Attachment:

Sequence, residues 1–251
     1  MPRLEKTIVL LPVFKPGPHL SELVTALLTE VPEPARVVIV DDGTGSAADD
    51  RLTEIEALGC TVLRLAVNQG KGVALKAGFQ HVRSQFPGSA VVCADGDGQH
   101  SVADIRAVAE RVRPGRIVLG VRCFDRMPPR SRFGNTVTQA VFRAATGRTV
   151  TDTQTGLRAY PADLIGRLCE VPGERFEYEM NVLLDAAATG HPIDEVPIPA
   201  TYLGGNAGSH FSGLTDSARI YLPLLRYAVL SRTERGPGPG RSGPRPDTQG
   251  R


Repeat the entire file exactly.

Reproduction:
Sequence, residues 1–251
     1  MPRLEKTIVL LPVFKPGPHL SELVTALLTE VPEPARVVIV DDGTGSAADD
    51  RLTEIEALGC TVLRLAVNQG KGVALKAGFQ HVRSQFPGSA VVCADGDGQH
   101  SVADIRAVAE RVRPGRIVLG VRCFDRMPPR SRFGNTVTQA VFRAATGRTV
   151  TDTQTGLRAY PADLIGRLCE VPGERFEYEM NVLLDAAATG HPIDEVPIPA
   201  TYLGGNAGSH FSGLTDSARI YLPLLRYAVL SRTERGPGPG RSGPRPDTQG
   251  R